A Literary Tour of Charles Dickens's Greenwich
Extract from:- Walter Dexter's THE LONDON OF DICKENS - THE
(London: Cecil Palmer, 1923)
Reproduced by kind permission of the
House Museum, London
This extract covers the various writings of Charles Dickens and the areas of
Greenwich, and surrounding districts, Dickens used:
From David Copperfield
For anything I know, I may have had some wild idea of running all the way to
Dover when I gave up the pursuit of the young man with the donkey-cart and
started for Greenwich. My scattered senses were soon collected as to that point,
if I had; for I came to a stop in the Kent Road, at a terrace with a piece of
water before it, and a great foolish image in the middle blowing a dry shell.
Here I sat down on a door-step, quite spent and exhausted with the efforts I had
already made, and with hardly breath enough to cry for the loss of my box and
The water and the "image" have disappeared from the gardens some
thirty years. (I.E. about 1895)
We bear to the right into the Old Kent Road. On the right a new building has
replaced the old Deaf and Dumb Establishment to which Dr. Marigold took his
Sophy for tuition. Somewhere in the Old Kent Road was the shop where David sold
the first portion of his wardrobe.
The master of this shop was sitting at the door in his
shirt-sleeves, smoking; and as there were a great many coats and pairs of
trousers dangling from the low ceiling, and only two feeble candles burning
inside to show what they were, I fancied that he looked like a man of a
revengeful disposition, who had hung all his enemies, and was enjoying
Our Mutual Friend
In this neighbourhood too was no doubt situated Bradley Headstone's School in
Our Mutual Friend.
Down in that district of the flat country tending to
the Thames, where Kent and Surrey meet, and where the railways still bestride
the market-gardens that will soon die under them. The schools were newly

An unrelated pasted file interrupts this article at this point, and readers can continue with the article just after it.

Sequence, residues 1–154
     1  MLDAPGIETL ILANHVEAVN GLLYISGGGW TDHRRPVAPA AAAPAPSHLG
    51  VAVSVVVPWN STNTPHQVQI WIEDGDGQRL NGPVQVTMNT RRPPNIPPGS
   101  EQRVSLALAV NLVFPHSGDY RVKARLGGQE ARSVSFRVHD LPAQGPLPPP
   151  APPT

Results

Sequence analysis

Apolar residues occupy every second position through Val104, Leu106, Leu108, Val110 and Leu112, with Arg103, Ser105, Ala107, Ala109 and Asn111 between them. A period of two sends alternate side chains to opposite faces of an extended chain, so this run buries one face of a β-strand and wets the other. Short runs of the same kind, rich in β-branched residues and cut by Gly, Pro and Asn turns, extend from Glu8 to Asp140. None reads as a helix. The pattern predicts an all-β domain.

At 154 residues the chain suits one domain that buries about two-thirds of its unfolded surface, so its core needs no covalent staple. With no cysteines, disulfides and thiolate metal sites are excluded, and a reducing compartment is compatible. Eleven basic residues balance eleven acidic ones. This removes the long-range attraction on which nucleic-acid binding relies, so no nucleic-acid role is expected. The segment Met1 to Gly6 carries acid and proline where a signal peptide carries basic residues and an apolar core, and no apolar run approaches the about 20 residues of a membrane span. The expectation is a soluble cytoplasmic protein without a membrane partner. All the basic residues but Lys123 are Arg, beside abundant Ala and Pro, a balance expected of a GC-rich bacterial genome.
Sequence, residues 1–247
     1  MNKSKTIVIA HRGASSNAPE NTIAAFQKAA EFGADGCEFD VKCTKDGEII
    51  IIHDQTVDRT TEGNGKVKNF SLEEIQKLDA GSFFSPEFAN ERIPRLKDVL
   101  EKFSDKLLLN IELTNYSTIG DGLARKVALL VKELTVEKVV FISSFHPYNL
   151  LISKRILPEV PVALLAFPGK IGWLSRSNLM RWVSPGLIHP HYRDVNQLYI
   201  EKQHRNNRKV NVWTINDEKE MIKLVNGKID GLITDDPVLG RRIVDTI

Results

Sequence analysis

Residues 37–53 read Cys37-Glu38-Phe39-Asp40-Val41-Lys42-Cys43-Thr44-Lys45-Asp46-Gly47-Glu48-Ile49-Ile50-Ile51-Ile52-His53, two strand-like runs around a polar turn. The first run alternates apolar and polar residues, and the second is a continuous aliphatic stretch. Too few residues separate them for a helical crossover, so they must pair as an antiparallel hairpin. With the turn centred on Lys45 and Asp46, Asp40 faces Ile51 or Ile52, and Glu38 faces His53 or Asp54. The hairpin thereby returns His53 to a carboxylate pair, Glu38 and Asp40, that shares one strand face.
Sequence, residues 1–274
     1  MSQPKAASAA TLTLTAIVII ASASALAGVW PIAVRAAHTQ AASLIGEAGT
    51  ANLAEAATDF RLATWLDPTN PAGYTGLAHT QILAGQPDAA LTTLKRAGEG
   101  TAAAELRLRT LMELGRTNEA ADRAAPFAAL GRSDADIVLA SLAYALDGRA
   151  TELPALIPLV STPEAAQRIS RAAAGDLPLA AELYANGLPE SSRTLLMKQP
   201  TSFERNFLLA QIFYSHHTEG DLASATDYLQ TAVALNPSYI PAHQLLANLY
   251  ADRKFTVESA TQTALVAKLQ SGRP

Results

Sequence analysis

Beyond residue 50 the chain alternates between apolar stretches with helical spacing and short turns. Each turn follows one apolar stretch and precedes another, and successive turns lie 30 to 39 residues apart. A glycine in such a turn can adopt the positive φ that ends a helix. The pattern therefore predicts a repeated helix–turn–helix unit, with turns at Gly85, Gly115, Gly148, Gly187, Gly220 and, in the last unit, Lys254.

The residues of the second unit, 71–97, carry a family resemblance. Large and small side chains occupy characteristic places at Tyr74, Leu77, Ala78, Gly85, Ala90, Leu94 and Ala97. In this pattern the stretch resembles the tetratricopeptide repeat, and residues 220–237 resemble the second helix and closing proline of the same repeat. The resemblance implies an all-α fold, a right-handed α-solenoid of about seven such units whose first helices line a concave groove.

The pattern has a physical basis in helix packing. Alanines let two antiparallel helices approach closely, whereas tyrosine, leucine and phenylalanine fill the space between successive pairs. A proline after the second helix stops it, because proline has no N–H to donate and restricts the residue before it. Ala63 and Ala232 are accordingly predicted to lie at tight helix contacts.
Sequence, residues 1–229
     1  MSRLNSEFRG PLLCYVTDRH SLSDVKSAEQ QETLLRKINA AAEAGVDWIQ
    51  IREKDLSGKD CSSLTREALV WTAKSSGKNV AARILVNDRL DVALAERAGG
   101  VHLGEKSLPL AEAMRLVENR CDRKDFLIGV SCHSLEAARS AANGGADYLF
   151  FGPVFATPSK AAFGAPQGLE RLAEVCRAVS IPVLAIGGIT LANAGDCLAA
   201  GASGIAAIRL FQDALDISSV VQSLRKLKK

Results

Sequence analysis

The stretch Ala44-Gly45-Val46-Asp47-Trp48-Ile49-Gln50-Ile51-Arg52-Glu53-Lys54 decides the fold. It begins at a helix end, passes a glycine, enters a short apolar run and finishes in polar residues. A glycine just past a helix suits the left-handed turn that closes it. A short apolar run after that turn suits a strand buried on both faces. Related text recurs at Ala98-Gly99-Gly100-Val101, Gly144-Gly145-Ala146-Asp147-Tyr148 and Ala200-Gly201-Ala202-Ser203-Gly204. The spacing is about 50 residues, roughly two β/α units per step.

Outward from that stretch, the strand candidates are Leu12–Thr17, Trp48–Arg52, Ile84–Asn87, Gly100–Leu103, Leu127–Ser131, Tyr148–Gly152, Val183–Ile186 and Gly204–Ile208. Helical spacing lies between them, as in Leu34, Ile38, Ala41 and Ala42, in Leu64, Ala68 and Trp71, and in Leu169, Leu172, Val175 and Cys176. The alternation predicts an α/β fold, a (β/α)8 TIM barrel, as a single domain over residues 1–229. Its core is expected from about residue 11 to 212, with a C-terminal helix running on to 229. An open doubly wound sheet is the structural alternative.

built, and there were so many like them all over the country that one might
have thought the whole were but one restless edifice with the locomotive gift
of Aladdin's palace.
It is some three or four miles to Greenwich, and we can take a conveyance the
whole length of the Old Kent Road to New Cross, and then through Deptford to
We alight at Greenwich Church, where Bella was married to John Rokesmith; or,
as Dickens puts it,
"the church porch, having swallowed up Bella Wilfer
for ever and ever, had it not in its power to relinquish that young woman but
slid into the happy sunlight Mrs. John Rokesmith instead."
Church Street continued leads to the River, where on the left is the Ship
Hotel so full of memories of two delightful chapters in Our Mutual Friend, the
first prior to the marriage, when Bella commanded Pa to
"take this lovely woman out to dinner."
"Where shall we go, dear?"
The little room overlooking the river into which they
were shown for dinner was delightful. Everything was delightful. The park was
delightful, the punch was delightful, the dishes of fish were delightful, the
wine was delightful.
And then, as they sat looking at the ships and
steamboats making their way to the sea with the tide that was running down,
the lovely woman imagined all sorts of voyages for herself and Pa.
Later on we read:
The marriage dinner was the crowning success, for what
had bride and bridegroom plotted to do, but to have and to hold that dinner in
the very room of the very hotel where Pa and the lovely woman had once dined
together ! . . . What a dinner! Specimens of all the fishes that swim in the